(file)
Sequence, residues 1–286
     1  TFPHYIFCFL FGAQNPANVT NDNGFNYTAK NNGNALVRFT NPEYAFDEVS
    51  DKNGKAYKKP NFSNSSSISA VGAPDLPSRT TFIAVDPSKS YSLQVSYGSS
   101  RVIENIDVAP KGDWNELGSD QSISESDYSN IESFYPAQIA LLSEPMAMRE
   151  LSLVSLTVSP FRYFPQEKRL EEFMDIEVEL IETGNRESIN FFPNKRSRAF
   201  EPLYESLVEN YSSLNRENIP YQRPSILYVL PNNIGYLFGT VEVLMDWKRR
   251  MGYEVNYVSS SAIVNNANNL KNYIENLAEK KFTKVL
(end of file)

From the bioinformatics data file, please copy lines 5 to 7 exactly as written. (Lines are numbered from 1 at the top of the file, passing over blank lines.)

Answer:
   151  LSLVSLTVSP FRYFPQEKRL EEFMDIEVEL IETGNRESIN FFPNKRSRAF
   201  EPLYESLVEN YSSLNRENIP YQRPSILYVL PNNIGYLFGT VEVLMDWKRR
   251  MGYEVNYVSS SAIVNNANNL KNYIENLAEK KFTKVL